How Democrats can hold their Senate majority

And Democrats are not just playing defense. Party operatives point to competitive Republican-held seats in Kentucky and Georgia as a way to help stem the GOP tide. Senate Minority Leader Mitch McConnell is running just three points ahead of Democrat Alison Lundergan Grimes, a political newcomer whose campaign revolves almost solely around unseating the powerful and longtime Republican incumbent. Grimes’ challenge is an uphill one, but her presence forces McConnell, the ultimate campaign strategist, to spend vast sums of money and time.

In Georgia, businessman David Perdue leads Democrat Michelle Nunn, but there, too, the margin is a narrow one — 4.2 points in the RCP average. The race to replace retiring GOP Sen. Saxby Chambliss is rated a tossup, and Democrats hope the state’s changing demographics work in their favor. (However, Nunn’s campaign attracted some negative attention recently for the leak of a memo that candidly outlined her vulnerabilities.)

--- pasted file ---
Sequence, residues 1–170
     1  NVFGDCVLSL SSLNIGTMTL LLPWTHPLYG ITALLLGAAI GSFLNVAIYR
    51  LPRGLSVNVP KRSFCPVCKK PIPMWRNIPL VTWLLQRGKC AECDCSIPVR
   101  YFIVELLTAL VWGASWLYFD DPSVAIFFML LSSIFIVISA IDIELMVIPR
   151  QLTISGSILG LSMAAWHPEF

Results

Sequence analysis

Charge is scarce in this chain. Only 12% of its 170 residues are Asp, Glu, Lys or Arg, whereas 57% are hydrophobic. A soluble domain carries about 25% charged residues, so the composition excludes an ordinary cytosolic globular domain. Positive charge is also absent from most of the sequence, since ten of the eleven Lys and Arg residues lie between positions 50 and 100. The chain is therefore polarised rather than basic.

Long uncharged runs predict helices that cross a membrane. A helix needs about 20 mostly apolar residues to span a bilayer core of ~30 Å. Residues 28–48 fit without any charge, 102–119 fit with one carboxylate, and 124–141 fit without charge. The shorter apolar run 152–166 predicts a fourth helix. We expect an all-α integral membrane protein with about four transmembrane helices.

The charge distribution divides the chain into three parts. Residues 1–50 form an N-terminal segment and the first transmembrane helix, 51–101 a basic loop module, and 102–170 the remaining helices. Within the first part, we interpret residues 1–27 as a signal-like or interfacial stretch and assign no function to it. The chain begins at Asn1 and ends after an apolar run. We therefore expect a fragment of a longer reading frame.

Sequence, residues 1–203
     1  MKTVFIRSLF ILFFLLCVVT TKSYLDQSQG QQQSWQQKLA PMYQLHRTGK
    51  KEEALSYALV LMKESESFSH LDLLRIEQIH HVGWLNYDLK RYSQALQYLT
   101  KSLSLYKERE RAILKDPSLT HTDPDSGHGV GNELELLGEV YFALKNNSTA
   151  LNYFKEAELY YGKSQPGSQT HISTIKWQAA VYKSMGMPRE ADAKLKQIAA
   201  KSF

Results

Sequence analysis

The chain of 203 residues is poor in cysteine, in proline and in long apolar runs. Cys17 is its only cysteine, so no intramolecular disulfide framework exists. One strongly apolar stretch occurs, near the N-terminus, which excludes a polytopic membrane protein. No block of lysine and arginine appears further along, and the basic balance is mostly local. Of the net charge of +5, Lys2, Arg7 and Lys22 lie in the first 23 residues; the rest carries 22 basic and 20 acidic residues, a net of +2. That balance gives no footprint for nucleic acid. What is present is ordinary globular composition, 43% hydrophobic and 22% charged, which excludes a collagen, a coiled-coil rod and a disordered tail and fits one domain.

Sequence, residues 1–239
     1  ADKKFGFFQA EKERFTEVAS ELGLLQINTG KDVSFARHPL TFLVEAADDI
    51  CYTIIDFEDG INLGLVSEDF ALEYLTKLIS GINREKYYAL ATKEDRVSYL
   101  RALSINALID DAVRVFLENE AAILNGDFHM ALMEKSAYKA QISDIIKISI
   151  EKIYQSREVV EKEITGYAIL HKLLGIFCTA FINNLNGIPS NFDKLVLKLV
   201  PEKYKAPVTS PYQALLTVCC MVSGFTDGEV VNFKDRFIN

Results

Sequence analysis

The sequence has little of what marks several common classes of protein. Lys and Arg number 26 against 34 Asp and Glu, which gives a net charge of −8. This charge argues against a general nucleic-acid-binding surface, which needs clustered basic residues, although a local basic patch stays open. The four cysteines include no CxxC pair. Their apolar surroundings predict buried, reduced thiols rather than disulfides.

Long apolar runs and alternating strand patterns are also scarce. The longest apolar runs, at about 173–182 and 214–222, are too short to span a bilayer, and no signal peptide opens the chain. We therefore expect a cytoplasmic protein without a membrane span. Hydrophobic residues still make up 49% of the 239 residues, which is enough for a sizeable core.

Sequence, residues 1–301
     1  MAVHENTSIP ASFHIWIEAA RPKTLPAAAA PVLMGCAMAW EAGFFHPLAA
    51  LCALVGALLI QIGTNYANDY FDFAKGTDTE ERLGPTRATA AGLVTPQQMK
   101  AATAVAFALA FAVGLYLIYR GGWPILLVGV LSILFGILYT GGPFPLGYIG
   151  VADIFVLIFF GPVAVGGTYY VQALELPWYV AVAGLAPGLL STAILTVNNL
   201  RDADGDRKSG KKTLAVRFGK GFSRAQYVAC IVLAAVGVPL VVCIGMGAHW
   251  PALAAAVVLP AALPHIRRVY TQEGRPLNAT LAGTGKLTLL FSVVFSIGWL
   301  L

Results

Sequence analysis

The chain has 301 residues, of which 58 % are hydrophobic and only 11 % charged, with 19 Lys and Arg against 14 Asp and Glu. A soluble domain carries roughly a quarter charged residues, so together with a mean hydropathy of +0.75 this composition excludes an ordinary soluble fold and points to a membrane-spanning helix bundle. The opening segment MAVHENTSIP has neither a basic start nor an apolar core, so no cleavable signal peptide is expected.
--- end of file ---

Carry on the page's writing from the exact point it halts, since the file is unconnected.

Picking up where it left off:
Like other Democrats this cycle, Nunn is running on her family legacy (her father was a popular senator). She and Democrats in the state are working to bring down Perdue’s numbers by focusing on his business practices and by painting him as a partisan. Both candidates are considered political newcomers and will continue to be well financed. The race is certainly a challenge for Democrats, and the absence of a presidential election makes strong turnout among key constituencies difficult to achieve. But Democrats point to the NRSC’s recent ad buy in the state as evidence of its competitiveness.

Democrats believe that if they can take one of these two Republican seats, they will have blocked the GOP’s path to the majority.